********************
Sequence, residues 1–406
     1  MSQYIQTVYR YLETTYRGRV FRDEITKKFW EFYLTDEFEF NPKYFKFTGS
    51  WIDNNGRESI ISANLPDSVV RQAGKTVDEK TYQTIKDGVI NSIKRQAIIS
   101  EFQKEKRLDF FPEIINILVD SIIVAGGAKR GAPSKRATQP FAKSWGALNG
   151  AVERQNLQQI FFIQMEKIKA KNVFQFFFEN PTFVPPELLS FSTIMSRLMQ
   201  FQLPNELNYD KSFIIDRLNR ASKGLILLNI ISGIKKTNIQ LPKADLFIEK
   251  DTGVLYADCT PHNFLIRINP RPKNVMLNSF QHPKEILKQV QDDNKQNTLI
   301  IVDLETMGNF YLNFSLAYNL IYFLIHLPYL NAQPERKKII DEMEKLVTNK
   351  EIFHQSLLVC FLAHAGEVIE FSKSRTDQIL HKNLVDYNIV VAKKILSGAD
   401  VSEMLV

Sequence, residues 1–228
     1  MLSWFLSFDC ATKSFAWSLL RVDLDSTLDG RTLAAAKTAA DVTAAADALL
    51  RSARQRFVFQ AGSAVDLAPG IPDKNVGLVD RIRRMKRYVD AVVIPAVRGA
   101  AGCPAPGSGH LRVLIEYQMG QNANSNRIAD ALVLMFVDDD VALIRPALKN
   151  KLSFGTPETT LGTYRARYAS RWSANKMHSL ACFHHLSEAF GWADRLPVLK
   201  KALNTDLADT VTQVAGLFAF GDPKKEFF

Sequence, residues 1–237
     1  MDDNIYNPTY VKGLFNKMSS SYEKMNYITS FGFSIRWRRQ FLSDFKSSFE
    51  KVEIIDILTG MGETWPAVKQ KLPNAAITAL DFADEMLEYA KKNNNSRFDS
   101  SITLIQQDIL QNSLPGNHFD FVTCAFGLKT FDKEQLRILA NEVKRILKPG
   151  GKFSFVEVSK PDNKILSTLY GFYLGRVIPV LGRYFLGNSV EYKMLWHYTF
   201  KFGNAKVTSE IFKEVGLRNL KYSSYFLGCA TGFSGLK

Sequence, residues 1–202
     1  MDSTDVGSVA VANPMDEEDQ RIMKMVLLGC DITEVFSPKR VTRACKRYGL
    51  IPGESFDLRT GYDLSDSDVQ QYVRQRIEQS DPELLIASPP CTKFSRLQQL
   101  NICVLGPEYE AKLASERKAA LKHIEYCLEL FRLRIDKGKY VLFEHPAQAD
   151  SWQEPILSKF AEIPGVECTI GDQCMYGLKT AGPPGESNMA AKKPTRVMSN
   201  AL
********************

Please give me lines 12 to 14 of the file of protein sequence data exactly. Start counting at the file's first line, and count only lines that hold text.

     1  MLSWFLSFDC ATKSFAWSLL RVDLDSTLDG RTLAAAKTAA DVTAAADALL
    51  RSARQRFVFQ AGSAVDLAPG IPDKNVGLVD RIRRMKRYVD AVVIPAVRGA
   101  AGCPAPGSGH LRVLIEYQMG QNANSNRIAD ALVLMFVDDD VALIRPALKN